Community and Governance in Boston: Understanding the Role of Non-Profits in Politics and Policy



BU Initiative On Cities, 75 Bay State Road


Oct 6, 2022


12:30 EDT



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About the event

Join the BU Initiative on Cities, the BU American Politics Seminar Series, and the Leventhal Map & Education Center at the Boston Public Library for a discussion on the role of nonprofit and community-based organizations in the City of Boston. The event will feature authors, Claire Dunning (Nonprofit Neighborhoods; University of Maryland, College Park) and Jeremy Levine (Constructing Community; University of Michigan), who will share insights from their recent books on the nonprofit sector’s impact on urban development and policy. Lunch will be provided.

About the authors:

Claire Dunning is an assistant professor in the School of Public Policy at the University of Maryland, College Park, where she is an affiliated faculty member in the Do Good Institute and the History Department. Her book, Nonprofit Neighborhoods, is an exploration of how and why American city governments delegated the responsibility for solving urban inequality to the nonprofit sector. Dunning uncovers an illuminating story of how the nonprofit sector became such a dominant force in American society, as well as a troubling one of why this growth occurred alongside persistent poverty and widening inequality. The book connects these two stories in histories of race, democracy, and capitalism, revealing how the federal government funded and deputized nonprofits to help individuals in need, and in so doing avoided addressing the structural inequities that necessitated such action in the first place.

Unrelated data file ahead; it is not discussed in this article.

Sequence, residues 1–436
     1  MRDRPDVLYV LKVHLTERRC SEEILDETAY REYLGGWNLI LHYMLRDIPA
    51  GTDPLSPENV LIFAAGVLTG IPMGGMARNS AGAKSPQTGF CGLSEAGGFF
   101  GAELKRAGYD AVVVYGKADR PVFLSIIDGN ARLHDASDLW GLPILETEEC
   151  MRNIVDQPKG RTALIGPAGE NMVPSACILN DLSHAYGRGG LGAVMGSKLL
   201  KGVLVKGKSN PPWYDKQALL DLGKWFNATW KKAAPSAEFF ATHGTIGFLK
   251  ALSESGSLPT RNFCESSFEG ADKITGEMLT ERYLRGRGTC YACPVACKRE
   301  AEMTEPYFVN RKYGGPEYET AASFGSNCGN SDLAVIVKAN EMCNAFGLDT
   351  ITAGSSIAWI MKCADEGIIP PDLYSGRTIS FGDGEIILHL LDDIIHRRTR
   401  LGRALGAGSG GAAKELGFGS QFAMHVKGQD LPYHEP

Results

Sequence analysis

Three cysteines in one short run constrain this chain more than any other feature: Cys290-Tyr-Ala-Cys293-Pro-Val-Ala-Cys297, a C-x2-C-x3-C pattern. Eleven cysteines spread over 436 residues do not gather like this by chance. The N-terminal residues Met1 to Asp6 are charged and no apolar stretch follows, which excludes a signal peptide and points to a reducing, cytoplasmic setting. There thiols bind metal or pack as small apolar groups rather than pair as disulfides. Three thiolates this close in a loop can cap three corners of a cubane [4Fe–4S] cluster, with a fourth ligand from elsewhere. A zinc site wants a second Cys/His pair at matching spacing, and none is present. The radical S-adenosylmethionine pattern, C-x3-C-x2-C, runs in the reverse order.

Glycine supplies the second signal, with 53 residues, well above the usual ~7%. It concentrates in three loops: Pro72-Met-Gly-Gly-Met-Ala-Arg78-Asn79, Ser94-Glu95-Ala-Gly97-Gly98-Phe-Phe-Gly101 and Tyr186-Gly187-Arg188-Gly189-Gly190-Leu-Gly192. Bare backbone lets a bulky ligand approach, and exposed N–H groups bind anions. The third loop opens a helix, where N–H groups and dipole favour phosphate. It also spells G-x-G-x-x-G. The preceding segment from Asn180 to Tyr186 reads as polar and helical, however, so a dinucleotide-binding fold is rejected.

Jeremy Levine is an Assistant Professor of Organizational Studies and Sociology at the University of Michigan. His book, Constructing Community, looks at the benefits and consequences of the rise of community-based organizations in urban development and offers a rich ethnographic portrait of the individuals who implement community development projects in the Fairmount Corridor, one of Boston’s poorest areas. He uncovers a network of nonprofits and philanthropic foundations making governance decisions alongside public officials—a public-private structure that has implications for democratic representation and neighborhood inequality.

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